addressed; I will likewise hold every man studying for the priesthood for our diocese accountable to living a chaste and celibate life as part of his
formation for the priesthood. Failure to do so will lead to dismissal from diocesan sponsorship; I will continue to require (with our men and our
funds) that all seminaries to which we send men to study be vigilant that seminarians are protected from sexual predators and provide an
atmosphere conducive to their holistic formation as holy priests, in the
image of Christ; I ask all the faithful of the diocese to assist in keeping us accountable to civil authorities, the faithful in the pews, and to God
Almighty, not only to protect children and the youth from sexual
predators in the Church, but our seminarians, university students, and all the faithful as well. I promise to put any victim and their sufferings
before that of the personal and professional reputation of a priest, or any Church employee, guilty of abuse; I ask everyone reading this to pray.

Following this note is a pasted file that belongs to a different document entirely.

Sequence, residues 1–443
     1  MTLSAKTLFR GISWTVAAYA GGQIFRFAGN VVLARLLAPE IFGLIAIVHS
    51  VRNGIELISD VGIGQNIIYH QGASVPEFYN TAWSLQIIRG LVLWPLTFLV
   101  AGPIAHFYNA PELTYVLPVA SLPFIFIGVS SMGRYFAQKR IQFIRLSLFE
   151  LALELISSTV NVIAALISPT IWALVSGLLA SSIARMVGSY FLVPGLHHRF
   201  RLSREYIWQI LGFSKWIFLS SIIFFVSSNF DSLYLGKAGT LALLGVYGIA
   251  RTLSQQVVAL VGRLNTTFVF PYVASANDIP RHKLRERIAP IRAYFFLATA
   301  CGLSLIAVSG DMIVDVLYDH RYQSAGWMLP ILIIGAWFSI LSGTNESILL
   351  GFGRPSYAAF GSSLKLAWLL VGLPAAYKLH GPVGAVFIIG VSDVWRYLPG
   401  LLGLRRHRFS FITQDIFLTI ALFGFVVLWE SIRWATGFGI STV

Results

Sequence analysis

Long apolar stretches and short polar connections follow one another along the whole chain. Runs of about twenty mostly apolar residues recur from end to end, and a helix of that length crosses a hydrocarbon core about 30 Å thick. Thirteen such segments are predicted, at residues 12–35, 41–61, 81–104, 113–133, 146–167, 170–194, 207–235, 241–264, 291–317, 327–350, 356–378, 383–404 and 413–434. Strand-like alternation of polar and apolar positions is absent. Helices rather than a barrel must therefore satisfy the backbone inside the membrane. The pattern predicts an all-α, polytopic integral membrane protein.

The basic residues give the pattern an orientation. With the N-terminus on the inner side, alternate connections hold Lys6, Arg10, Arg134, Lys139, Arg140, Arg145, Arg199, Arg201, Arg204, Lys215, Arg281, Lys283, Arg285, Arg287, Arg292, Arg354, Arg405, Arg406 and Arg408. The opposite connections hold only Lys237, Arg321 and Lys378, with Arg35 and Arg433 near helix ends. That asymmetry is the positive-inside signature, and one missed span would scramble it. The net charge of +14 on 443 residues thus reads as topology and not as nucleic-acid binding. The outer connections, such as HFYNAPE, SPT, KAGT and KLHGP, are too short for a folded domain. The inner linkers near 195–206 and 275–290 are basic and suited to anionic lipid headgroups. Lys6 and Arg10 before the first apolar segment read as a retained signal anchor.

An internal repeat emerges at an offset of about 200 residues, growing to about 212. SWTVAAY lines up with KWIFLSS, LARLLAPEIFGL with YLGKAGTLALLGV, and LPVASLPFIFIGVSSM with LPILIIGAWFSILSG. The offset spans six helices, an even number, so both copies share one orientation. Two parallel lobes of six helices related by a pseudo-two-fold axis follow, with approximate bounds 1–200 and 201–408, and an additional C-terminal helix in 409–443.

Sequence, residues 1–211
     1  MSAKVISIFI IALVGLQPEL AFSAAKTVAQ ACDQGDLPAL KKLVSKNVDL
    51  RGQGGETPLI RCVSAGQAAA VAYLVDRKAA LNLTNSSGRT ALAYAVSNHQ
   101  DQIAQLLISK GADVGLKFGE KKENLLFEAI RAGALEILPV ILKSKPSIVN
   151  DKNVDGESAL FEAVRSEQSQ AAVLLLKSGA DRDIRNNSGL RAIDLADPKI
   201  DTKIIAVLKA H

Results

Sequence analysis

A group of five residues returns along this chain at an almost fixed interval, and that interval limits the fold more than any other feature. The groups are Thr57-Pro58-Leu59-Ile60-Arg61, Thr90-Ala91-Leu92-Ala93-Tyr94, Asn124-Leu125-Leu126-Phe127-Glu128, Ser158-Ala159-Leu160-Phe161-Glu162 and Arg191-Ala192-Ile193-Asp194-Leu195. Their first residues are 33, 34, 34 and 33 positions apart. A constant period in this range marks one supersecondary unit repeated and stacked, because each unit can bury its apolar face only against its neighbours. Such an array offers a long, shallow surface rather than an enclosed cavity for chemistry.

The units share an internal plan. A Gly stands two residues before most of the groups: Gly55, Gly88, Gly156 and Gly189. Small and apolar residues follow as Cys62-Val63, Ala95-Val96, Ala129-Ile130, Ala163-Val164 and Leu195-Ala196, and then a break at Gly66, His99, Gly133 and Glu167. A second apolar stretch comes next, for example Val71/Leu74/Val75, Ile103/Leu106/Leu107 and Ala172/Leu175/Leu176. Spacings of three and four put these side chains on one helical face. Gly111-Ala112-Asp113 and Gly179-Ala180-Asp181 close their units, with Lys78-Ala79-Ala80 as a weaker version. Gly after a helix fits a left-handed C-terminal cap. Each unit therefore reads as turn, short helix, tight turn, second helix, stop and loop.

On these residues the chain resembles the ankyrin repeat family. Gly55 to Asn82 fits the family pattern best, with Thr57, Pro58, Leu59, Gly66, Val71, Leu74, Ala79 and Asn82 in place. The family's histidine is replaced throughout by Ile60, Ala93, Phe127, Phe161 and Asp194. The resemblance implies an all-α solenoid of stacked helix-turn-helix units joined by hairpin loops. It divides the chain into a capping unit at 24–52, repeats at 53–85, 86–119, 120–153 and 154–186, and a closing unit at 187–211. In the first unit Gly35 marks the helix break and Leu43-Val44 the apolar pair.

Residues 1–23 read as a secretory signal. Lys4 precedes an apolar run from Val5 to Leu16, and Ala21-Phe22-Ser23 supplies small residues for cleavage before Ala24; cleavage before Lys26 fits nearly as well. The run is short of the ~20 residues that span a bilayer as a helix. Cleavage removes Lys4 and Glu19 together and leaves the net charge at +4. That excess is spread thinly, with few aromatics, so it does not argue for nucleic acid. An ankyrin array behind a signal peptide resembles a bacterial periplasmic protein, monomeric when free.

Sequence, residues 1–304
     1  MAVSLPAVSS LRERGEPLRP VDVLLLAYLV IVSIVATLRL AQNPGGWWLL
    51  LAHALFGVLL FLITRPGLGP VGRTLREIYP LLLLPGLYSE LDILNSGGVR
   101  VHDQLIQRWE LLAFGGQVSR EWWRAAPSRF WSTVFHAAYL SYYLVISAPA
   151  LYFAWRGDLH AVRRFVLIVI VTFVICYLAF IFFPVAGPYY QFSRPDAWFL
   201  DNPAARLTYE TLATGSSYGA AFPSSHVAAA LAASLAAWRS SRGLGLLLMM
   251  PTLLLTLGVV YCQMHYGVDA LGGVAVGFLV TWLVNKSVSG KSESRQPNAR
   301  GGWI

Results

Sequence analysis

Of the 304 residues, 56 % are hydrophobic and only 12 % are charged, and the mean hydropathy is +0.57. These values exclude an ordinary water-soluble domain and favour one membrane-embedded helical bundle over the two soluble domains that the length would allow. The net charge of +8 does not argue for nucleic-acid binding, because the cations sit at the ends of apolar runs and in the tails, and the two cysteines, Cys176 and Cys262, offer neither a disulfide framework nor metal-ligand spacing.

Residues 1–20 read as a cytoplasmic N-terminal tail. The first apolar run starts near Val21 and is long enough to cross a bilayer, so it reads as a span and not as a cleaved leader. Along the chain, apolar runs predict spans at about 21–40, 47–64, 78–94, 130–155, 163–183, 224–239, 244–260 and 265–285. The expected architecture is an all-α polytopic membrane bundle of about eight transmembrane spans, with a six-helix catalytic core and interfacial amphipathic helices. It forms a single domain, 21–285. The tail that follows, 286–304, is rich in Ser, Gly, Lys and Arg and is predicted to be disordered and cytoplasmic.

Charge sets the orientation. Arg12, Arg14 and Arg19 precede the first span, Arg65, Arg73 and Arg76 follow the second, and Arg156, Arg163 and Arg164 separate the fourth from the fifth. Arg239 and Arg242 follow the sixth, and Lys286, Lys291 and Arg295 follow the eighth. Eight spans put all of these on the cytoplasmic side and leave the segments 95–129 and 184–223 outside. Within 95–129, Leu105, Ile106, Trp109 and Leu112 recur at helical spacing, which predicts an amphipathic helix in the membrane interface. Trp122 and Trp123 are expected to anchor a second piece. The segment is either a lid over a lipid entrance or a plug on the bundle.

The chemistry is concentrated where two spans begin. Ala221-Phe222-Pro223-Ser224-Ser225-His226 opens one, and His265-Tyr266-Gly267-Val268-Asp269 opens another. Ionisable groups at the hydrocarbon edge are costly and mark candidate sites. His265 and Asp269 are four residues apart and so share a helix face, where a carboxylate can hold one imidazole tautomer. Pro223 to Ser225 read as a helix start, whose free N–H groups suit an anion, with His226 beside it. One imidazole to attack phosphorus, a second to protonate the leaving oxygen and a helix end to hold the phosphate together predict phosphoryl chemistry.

Pray earnestly for the Church and all her ministers. Pray for our
seminarians. And pray for yourselves and your families. We must all
work daily on our own personal holiness and hold ourselves accountable first and, in turn, hold our brothers and sisters accountable as well, and
finally, I ask you all to join me and the entire clergy of the Diocese of
Madison in making public and private acts of reparation to the Most
Sacred Heart of Jesus and to the Immaculate Heart of Mary for all the sins of sexual depravity committed by members of the clergy and episcopacy. Some sins, like some demons, can only be driven out by prayer and
fasting. This letter and these statements and promises are not intended to be an exhaustive list of what we can and need to do in the Church to
begin to heal from, and stave off, this deep illness in the Church, but
rather the next steps I believe we can take locally. More than anything
else, we as a Church must cease our acceptance of sin and evil. We must